When I first learned about ghostwriting it felt wrong to me. Like someone was playing on their famous name to make money without doing anything. I thought it was deceitful. Kind of a con to readers. “Read the book by Celebrity X!” Only it wasn’t actually written by Celebrity X.

Just plain wrong.

Then I learned more about why some books are ghostwritten.

For the most part, the people who find someone to ghostwrite their book have an interesting story to tell. It might be their biography, or that of someone they love. I know of one woman who bought a book at a garage sale for 25¢ on how to make a million dollars in real estate. Guess what? She did it. It could be a book that would help someone going through the process of addiction recovery, or surviving cancer, or the loss of a child. Maybe it’s a book about building and selling a small business. It could also be a dramatic/traumatic period in someone’s life that would make for a great novel based on fact.

My bet is, the true owners of these stories tried to write the book and discovered, for whatever reason, it wasn’t going to happen. But the idea persisted. The need to tell their story didn’t go away just because they weren’t able to write it.

In comes the ghostwriter.

I’m writing one now, and happy to do it. The owner of the story has contracted with a publisher to bring something important to them to print. The publisher, who has a good reputation, brings writing talent to the table. That’s me… the “talent.”

I’m only a couple of weeks in, but here are the pros and cons as I see them now:



  • The story isn’t mine. I’m not creating it from scratch. I pretty much follow a transcript from hours of interviews. Essentially, the transcripts are the first draft, which for me is always the hardest part of the process.
  • In my case, a supportive publisher.
  • Helping someone bring their idea to life.
  • A paycheck.



  • The story isn’t mine. I’m not creating it from scratch. I have to stay within the probabilities of their recollection of events. My opportunity to invent is limited.
  • If my voice isn’t the one they’re looking for I need to be able to change it.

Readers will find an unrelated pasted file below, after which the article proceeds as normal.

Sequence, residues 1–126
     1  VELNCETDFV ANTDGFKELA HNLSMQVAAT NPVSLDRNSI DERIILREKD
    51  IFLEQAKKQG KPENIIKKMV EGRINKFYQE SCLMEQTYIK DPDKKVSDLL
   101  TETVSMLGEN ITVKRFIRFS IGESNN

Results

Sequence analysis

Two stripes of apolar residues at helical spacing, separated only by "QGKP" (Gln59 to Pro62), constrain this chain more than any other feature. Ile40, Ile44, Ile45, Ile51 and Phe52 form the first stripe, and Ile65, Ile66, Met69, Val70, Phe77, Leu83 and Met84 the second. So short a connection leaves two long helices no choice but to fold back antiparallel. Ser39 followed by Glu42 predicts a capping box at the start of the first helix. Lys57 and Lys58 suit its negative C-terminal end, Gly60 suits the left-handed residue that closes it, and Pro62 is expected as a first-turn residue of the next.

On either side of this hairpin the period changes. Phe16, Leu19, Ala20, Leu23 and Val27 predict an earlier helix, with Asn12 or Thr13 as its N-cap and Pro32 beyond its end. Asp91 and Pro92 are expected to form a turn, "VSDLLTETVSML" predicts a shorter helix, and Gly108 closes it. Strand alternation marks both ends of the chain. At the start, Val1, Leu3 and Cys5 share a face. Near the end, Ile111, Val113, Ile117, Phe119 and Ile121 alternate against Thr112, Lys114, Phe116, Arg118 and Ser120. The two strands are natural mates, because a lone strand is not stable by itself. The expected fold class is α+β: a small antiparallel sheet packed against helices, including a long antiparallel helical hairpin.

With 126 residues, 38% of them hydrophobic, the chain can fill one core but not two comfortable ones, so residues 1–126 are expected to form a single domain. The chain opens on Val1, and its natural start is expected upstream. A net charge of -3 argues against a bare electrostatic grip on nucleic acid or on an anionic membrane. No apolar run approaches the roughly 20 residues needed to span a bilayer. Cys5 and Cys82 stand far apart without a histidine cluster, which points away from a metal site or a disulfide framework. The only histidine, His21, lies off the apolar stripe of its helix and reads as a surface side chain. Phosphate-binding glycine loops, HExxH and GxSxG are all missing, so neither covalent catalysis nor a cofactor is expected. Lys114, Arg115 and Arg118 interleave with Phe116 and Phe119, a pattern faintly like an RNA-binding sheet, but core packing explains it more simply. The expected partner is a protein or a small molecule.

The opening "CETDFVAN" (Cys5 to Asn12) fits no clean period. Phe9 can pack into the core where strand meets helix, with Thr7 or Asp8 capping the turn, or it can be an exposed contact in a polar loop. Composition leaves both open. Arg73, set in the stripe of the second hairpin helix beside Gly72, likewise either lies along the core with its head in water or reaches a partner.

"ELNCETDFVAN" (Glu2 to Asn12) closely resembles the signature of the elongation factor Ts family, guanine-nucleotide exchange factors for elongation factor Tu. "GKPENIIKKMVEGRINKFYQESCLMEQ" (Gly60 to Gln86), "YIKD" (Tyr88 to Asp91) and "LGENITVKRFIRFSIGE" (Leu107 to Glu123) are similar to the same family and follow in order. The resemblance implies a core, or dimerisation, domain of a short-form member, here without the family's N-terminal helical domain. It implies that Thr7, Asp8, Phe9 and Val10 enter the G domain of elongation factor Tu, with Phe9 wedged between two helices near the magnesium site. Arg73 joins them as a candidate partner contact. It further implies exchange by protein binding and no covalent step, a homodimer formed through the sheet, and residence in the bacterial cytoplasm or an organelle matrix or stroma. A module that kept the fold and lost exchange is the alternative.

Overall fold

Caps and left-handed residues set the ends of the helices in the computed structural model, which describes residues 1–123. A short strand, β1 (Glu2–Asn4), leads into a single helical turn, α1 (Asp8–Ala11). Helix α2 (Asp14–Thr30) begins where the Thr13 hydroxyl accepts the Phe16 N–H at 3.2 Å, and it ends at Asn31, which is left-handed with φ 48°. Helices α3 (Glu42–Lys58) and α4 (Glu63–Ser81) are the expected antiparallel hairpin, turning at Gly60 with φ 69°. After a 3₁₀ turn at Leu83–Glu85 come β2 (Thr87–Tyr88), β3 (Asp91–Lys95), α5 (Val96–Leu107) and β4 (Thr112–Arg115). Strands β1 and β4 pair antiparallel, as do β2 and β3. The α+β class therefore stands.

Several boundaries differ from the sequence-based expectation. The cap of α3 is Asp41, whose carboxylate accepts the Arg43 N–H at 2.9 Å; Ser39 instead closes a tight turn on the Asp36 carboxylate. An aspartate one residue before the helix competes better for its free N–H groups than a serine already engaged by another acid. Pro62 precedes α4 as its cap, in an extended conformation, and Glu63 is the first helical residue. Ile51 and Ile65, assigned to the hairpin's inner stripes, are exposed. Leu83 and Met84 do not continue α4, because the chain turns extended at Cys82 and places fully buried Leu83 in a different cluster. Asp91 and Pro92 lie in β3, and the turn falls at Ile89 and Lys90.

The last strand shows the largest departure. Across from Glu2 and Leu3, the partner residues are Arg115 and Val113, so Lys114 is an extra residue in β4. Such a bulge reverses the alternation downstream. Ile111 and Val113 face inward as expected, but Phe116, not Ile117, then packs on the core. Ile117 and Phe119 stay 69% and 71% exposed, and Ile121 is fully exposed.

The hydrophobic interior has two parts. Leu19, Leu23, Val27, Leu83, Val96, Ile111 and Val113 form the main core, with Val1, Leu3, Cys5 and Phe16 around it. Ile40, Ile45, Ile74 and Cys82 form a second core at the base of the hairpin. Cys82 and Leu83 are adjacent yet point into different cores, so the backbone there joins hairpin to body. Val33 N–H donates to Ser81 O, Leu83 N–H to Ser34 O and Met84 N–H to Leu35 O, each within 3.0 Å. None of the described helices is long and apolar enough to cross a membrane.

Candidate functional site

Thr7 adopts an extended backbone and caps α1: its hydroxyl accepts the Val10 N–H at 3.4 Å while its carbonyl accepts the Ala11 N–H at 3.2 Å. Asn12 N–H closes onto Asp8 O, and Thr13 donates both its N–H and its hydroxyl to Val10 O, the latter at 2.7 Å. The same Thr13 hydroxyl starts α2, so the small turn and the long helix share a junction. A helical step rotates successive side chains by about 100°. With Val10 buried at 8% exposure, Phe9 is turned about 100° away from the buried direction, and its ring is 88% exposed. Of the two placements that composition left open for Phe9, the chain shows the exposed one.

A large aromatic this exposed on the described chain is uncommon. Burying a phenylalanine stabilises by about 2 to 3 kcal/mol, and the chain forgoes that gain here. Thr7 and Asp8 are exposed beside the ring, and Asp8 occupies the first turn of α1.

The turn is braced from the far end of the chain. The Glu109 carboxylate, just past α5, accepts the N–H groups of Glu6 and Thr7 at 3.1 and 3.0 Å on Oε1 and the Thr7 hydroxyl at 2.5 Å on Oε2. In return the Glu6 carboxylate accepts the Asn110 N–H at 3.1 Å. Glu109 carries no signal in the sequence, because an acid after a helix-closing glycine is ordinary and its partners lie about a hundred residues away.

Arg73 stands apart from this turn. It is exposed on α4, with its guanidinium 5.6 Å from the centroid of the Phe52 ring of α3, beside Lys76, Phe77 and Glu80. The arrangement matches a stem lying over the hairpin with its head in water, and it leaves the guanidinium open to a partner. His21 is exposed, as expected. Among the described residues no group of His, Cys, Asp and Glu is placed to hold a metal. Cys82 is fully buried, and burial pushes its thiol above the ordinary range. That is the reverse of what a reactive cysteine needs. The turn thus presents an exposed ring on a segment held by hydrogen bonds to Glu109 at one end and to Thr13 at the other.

• At least initially, the time commitment is greater than what I’d expected. That means…
  • The new manuscript I’m working on is taking a hit. But I think it might level out in the next few weeks. That’s what I’m counting on.

I’m learning as I go through this process. So far, I’m not regretting a thing.

And oh, by the way (in case you didn’t hear me yell) TRAFFICKED walked away as the winner in the Mainstream Fiction category at the Colorado Authors’ League Awards Dinner a couple of weeks ago. 

Writers, have you ever thought about ghostwriting? Readers, does it matter to you how the story was written?


It’s all better with friends.


Author: Peg Brantley

With the intent to lend her stories credibility, award winning author Peg Brantley is a graduate of the Aurora Citizens’ Police Academy, attended the Writers’ Police Academy conference, has interviewed crime scene investigators, FBI agents, human trafficking experts, obtained her Concealed Carry Permit, studied diverse topics from arson dogs to Santeria, and hunted down real life locations that show up in her stories.

12 thoughts on “Ghostwriting”

  1. Congrats on your award! That is so awesome!

    As for ghostwriting, a friend once handed me some material that she thought would make a dynamite book, and I’m sure it would’ve. It just didn’t excite me enough to write it, so I guess I’m not cut out to be a ghostwriter. It sounds too much like a day job to me, and I’m done with that. I’m lucky to be in a position where I can only write my stories. Good luck with your tasks!